Table 4. Monthly mean weight and value per haul for the purse seine fishery calculated from logbook data of 36 vessels.
The landings data (Supplementary Table 1) revealed 102 distinct species were caught and landed. Cumulative frequency distribution revealed just five species accounted for 65% of the total landings by weight. These were: Goldstripe sardinella (Sardinella gibbosa), Indian anchovy (Stolephorus indicus), Indian mackerel (Rastrelliger kanagurta), White-spotted spinefoot (Siganus canaliculatus) and Indian squid (Uroteuthis duvaucelii). Landings (11%) were attributed to “non-consumptive catch” (locally: “Trash-fish”), where fisheries consolidate any small, unidentified and juvenile fish to be sold as animal feed or fertilizer. The remaining 24% of landings were comprised of less common target species and retained bycatch. Fin fish species represented 95% of total catch. Indian squid were the only cephalopod species of note and six species of shrimps and prawns represented <1% of total landed weight. Species of conservation concern were rarely reported as landed, except for reef manta rays (Mobula alfredi) with 29 separate instances. A landing ban on sharks in Myanmar may explain these reporting rates, with species either discarded at sea or intentionally omitted from logbooks. Goldstripe sardinella dominated landings in the early season, typically accounted for 50% of daily landings by weight (Figure 3). In contrast, Indian anchovy revealed an opposite trend, and were proportionally the most landed species in the final months of the season. January saw a lower proportion of catch attributed to these five species. Total weight composition was more evenly distributed between these, and other species [i.e., kawakawa (Euthynnus affinis)], with no one species responsible for more than 15% of total landings. The absence of large landings of shoaling fish in January may be the driver of the relatively low total weight (163 mt) and mean catch per haul.
Figure 3. Kyeintali purse seine fishing fleet landings data. Monthly mean proportion of yield (kg) per haul from the logbook landings data grouped by the top four most landed species, non-consumptive catch grouping and all additional landed species grouped as “Other” (see Supplementary Table 1 for full list).
GPS to VBD Cross Matching
Of the 2,457 GPS tracked fishing trips considered for comparison against the VBD data, 1,221 (50%) were matched to unique VBD records. Of the unmatched trips, 75 were deemed to be in transit at the time of satellite overpass, so were subsequently removed, resulting in 1,221 trips matched from a possible 2,382 (51%). Duplicate matches (caused by multiple satellite overpasses) that may cause overestimation in match rates were not encountered when data screening. To explore temporal variation in VIIRS imagery efficiency, mean match rates were calculated for each month of the fishing season (Table 3). Monthly match rates revealed limited inter-monthly variation except for May, where the match rate declined and only 42% of fishing trips registered a match. Inter-annual variation was apparent, with a 57% match rate during the 2016/17 fishing season, 52% in 2017/18 and a 43% match rate in 2018/19. Months with higher match rates typically had a greater proportion of matches from higher accuracy VBDs (Supplementary Table 2).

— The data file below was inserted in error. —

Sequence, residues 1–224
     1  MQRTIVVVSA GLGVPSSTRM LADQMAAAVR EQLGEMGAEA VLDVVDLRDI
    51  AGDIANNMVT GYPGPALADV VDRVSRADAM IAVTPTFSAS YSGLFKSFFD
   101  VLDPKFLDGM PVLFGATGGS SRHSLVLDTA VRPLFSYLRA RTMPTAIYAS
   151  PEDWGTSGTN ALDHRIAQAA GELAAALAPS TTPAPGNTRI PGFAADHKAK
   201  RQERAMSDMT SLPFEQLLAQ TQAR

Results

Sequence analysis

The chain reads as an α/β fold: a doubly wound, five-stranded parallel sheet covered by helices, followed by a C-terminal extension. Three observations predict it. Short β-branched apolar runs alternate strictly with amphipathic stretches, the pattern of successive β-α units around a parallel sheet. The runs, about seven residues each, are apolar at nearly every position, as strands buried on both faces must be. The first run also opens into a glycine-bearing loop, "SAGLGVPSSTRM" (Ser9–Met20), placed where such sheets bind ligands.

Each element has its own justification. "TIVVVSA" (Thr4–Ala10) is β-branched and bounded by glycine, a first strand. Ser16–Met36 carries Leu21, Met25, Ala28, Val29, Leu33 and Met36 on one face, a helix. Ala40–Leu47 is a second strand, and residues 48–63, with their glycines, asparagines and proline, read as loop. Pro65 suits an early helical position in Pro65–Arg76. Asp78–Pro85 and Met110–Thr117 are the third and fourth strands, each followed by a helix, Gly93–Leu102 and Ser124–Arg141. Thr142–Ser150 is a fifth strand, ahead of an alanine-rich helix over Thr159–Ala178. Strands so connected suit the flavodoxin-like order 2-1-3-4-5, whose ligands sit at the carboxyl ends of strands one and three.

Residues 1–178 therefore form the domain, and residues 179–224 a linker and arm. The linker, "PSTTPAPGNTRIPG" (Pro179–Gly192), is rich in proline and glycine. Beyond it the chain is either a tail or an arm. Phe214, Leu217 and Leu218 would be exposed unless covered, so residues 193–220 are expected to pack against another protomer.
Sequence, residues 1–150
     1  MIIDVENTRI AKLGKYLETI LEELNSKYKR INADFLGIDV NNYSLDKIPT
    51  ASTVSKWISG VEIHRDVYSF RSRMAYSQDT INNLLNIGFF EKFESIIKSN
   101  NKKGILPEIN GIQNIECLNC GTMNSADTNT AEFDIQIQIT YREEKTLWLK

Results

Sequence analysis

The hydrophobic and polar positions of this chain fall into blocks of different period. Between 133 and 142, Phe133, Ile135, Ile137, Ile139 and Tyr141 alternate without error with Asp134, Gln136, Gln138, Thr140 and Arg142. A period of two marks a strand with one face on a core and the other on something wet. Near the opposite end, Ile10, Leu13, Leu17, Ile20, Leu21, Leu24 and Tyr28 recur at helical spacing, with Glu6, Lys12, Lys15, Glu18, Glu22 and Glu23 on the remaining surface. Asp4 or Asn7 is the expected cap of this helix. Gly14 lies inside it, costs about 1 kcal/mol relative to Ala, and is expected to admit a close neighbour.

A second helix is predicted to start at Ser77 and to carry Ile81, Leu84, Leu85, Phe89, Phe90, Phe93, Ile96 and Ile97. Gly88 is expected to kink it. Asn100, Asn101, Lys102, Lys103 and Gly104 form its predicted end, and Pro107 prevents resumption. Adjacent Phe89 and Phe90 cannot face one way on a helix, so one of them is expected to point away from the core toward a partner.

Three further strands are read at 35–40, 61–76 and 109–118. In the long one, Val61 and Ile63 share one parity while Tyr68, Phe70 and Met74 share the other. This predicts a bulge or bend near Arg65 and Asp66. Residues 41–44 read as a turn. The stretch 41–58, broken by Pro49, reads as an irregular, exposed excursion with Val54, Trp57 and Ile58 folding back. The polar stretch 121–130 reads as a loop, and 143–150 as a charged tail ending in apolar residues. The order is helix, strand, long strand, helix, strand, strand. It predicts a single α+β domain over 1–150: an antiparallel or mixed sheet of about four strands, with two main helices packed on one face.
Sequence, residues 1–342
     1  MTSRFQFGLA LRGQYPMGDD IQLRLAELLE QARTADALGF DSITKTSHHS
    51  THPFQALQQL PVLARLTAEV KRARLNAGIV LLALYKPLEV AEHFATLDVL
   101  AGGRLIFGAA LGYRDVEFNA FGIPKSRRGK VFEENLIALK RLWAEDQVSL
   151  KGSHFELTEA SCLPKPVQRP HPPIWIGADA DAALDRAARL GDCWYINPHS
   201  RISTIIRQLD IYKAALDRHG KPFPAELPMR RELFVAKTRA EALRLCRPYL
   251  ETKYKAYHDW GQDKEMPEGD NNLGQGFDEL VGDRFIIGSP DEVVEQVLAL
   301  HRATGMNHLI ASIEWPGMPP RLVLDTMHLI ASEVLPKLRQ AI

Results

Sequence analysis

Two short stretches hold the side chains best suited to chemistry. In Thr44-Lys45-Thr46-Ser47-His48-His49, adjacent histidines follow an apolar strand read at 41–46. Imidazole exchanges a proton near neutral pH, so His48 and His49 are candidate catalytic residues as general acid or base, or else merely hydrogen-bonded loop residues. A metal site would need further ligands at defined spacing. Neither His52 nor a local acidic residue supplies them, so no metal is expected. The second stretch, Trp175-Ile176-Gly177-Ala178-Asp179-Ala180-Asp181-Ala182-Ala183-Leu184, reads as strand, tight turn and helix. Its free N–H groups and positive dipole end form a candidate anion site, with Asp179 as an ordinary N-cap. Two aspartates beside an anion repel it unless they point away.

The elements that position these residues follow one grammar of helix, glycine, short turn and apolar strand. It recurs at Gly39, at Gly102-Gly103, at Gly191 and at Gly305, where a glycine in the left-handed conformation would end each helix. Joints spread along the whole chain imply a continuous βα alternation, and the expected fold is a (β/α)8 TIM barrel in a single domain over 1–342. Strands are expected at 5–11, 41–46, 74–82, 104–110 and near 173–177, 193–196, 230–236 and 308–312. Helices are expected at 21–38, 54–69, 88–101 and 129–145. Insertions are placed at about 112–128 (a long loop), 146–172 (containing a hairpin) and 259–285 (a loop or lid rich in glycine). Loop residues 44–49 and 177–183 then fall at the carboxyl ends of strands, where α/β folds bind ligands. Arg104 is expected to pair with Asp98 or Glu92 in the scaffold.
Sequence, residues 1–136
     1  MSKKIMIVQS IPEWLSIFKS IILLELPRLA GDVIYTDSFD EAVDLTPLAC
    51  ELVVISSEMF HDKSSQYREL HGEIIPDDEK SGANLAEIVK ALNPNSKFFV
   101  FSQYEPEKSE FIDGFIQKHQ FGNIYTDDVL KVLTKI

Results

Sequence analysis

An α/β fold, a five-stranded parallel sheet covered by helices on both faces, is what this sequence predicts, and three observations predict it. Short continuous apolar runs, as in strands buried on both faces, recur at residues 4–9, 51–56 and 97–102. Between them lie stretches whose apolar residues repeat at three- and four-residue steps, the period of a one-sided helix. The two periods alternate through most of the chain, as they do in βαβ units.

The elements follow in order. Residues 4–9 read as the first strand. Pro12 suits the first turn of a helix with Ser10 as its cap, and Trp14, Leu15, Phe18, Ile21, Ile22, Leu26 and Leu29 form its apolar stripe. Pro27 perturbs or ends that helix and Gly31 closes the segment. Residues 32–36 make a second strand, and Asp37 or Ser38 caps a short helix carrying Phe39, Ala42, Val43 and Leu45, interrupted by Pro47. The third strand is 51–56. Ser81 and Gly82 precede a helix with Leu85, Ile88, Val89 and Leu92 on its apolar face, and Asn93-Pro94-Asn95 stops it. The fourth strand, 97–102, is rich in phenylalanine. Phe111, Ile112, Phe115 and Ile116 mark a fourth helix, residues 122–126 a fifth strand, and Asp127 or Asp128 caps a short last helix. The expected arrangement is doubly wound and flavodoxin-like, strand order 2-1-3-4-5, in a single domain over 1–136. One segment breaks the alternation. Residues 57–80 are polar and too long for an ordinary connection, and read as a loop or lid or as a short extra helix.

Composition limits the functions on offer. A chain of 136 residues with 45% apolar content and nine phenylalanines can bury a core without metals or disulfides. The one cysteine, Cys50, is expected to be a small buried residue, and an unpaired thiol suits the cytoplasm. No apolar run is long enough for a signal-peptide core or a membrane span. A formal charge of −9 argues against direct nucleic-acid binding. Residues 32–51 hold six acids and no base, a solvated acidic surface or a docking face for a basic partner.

KDE analysis of the VBD records reveal two distinct core (50th percentile) fishing areas, together covering 647 km2 (Figure 4). GPS tracks were spatially clustered, with results of the KDE analysis revealing two distinct core fishing areas, cumulatively representing 177 km2. Of this, 170 km2 (96%) spatially intersected the core area identified in the VBD data.
Figure 4. Kernel density estimation (KDE) analysis and spatial biomass removal. (A) The unprocessed GPS vessel tracks. (B) The raw VBD data (October to May 2016–2019). (C) KDE of processed GPS tracks using a 250 × 250 m grid cell and a 5 km search radius. (D) KDE of processed VBD data using a 250 × 250 m grid cell and a 5 km search radius. (E) Core activity areas of each dataset using the 50th percentile of the data. (F) Annual biomass removal estimate using a cumulative sum of monthly estimates at a 5 × 5 km grid cell resolution, with KIFCA boundaries and zonal gear restrictions (mesh size >1.5 cm) (blue hash). Key landing sites identified in Figure 1 shown (black points).
Predicted Fishing Effort
Predicted mean fishing effort achieved by adjusting raw VBD detections and the VBD-GPS matching rates suggest 27,053 fishing events at light boats per annum (Table 3) within the Kyeintali study area. December through March experience relatively high levels of predicted effort, with the season estimated to peak in March, with 5,109 fishing events on average. October (n = 674) and May (n = 1,430) experience relatively low and high deviation from estimated effort means, reflecting the variation in the start and end of the season.
Predicted Biomass and Value
Through extrapolation of the landings data with the predicted fishing effort values, we estimate the total biomass extracted by the Kyeintali sub-township purse seine fishery to be 8,938 mt yr−1, worth in excess of $4 million (Table 5). This compares to 4,529 mt yr−1 when using the raw, uncorrected VBD data. Results of the bootstrapping exercise indicated a minimum estimated biomass removal of 7,674 mt yr−1 and a maximum of 10,315 mt yr−1 (Supplementary Table 3). March is estimated to experience the highest mean landings, with an estimated 1,899 mt at a value of ~$1 million. Despite having a relatively high level of predicted fishing effort, January is estimated to experience modest landings (894 mt) compared to other peak months.